U.S. Prods Mideast Peace Process

Palestinian Prime Minister-designate Mahmoud Abbas, is seen in his office in the West Bank town of Ramallah in this March 7, 2003 photo. Abbas stormed out of a meeting Saturday, April 19, 2003, with Yasser Arafat and top aides trying to meet a self-imposed deadline for a new Palestinian government, officials said.
AP
The Bush administration has cleared the way for $20 million in direct U.S. assistance to the Palestinian Authority, a step reflecting its support for Prime Minister Mahmoud Abbas' leadership.

Diplomatic sources confirmed the move to CBS News.

The United States also plans to ask Israel to release more Palestinian prisoners to ease a crisis within the Palestinian leadership that prompted Abbas to threaten to quit, Israel's Army Radio said Wednesday.

The waiver from Congressional restrictions on the aid that was signed Tuesday by Deputy Secretary of State Richard Armitage allows the administration to sidestep Yasser Arafat by distributing U.S. aid directly to the Palestinian people.

The administration and Congress had accused the Palestinian leader of corruption.

The direct distribution will help Abbas to respond to the humanitarian needs of the Palestinians, a senior U.S. official said. A formal announcement was expected later Wednesday.

The $20 million is a fraction of more than $200 million in U.S. assistance to the Palestinians this year. But Armitage's move, which the senior U.S. official said had the support of Israel and members of Congress, could lead to further steps in that direction.

The Israeli report said the U.S. special envoy to the region, John Wolf, would meet Israeli Defense Minister Shaul Mofaz later Wednesday to press Israel to release more Palestinian prisoners and dismantle more illegal settlement outposts in an effort to bolster peace moves.

Raanan Gissin, an adviser to Israeli Prime Minister Ariel Sharon, said Wolf was "exploring ways of how to advance the peace process, how to speed it up, how to move it along."

On Tuesday, Abbas threatened to resign unless his party backed his tactics in talks with Israelis, Palestinian officials said. The three largest Palestinian militant groups declared a unilateral cease-fire on June 29, but say it will collapse unless Israel releases the bulk of thousands of Palestinian prisoners it holds.

For years, the United States has bypassed Arafat and the Palestinian Authority and has assisted Palestinians directly through the United Nations and private groups.

This year, the Palestinians are due to receive $124.5 million from the U.S. Agency for International Development, while the State Department's refugees bureau provides Palestinians with $89 million through the United Nations Relief and Works Agency.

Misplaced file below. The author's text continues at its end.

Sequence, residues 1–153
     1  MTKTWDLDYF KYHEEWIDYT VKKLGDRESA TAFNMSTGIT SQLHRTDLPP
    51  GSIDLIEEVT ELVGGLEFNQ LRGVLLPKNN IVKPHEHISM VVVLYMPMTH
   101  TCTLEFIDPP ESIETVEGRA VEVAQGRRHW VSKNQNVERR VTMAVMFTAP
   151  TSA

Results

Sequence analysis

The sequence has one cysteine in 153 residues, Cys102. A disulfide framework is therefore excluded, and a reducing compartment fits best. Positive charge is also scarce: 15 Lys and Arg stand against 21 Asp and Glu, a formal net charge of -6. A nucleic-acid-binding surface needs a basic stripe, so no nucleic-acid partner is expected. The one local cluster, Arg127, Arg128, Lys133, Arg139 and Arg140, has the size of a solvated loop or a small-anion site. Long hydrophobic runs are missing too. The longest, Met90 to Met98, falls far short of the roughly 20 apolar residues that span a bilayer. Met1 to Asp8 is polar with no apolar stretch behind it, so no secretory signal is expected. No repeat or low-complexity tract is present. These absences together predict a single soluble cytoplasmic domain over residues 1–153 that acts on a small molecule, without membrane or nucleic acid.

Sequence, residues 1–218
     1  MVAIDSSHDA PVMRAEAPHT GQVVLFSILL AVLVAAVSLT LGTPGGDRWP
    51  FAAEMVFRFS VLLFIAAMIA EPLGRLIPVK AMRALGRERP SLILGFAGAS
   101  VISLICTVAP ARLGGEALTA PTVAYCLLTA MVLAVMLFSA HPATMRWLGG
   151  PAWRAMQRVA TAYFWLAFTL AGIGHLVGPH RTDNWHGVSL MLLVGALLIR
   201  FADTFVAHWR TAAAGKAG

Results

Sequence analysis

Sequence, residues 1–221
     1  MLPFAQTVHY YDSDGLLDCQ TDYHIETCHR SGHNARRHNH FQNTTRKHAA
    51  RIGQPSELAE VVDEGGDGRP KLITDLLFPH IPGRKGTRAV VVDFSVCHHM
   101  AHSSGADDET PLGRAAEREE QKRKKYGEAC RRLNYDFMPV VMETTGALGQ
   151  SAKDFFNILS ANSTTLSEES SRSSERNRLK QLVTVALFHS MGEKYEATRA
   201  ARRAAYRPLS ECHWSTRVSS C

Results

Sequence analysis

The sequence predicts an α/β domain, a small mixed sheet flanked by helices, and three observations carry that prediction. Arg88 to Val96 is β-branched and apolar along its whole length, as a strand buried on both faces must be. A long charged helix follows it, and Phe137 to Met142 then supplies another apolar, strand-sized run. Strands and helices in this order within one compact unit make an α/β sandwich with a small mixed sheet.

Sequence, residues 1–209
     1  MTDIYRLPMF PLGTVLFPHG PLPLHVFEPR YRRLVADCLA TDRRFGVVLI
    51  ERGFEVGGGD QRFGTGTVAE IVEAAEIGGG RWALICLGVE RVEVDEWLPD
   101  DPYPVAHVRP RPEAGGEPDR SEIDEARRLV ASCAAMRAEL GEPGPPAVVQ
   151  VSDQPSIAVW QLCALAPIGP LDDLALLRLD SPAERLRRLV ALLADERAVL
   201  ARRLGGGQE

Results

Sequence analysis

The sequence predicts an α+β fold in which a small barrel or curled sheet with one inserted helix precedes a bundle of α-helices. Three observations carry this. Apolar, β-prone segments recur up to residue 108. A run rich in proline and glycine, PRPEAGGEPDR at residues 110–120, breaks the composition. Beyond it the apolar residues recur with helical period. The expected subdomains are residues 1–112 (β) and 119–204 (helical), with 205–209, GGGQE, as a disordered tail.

The European Union and the Arab League have given more than $1 billion directly to Arafat and the Authority this year.

Meanwhile, a raid by Israeli troops West Bank village in search of a wanted Palestinian militant, who the army said was planning an imminent attack, threatened the cease-fire, reports CBS News Correspondent Robert Berger.

The military said troops were shot at and returned fire, killing the brother of the wanted man, who was armed. It said Iyad Halanesh's brother was implicated in several attacks, including the June 30 killing of a Bulgarian truck driver near Jenin. Palestinian sources said Halanesh's wife was wounded during the operation.

Palestinian militant groups warned that if Israel continues such raids, they will nullify the cease-fire. Israel said it will protect its citizens, and terrorists will not be immune.

On Tuesday, as internal tensions rose in the Palestinian leadership, Abbas called off a meeting with Israeli Prime Minister Ariel Sharon set for Wednesday. Some officials blamed Israel's refusal to release more prisoners and others citing lack of support for Abbas from fellow political leaders.

Also Tuesday, in a largely symbolic gesture, Abbas resigned from the Central Committee of Yasser Arafat's Fatah movement, said Hakam Balaawi, a Fatah official. In his decades as Arafat's deputy in Fatah and the PLO, Abbas has resigned or threatened to resign many times. Fatah insiders said this time, too, it was a ploy to force Fatah to back him.

Fatah has been in turmoil over its declaration of a cease-fire 10 days ago. The moves also applies to its affiliated militia, the Al Aqsa Martyrs' Brigades.

Fatah officials were trying to persuade Abbas to withdraw his resignation. Militant groups, with backing from some Fatah activists, criticized Abbas for not pressing Israel harder for release of Palestinian prisoners.

In a letter to Arafat, Abbas said he would step down as premier unless he received clear instructions from Fatah over how to handle contacts with Israel.

Fatah officials said Abbas' move might be a pressure tactic aimed at forcing Fatah members to give him greater flexibility in the talks.

The United States rallied to his support. "We stand behind Prime Minister Abbas," State Department spokesman Philip T. Reeker said. The U.S. administration pushed for his appointment in April as an alternative to Arafat.

Israel refuses to free detainees involved directly in terror attacks, including members of the violent Islamic groups, Hamas and Islamic Jihad. Abbas is said to be concerned that if Israel sticks by its refusal, the two groups might cancel their three-month truce. Fatah called a six-month cease-fire.

Interviewed on Israel TV on Tuesday, the chief of Israeli military intelligence, Maj. Gen. Aharon Zeevi-Farkash, did not rule out the release of some members of the Islamic groups, saying the matter was too sensitive to be discussed on television.

However, he insisted that Israel must not release prisoners tied to terrorism. "It is forbidden to free terrorists with blood on their hands," he said.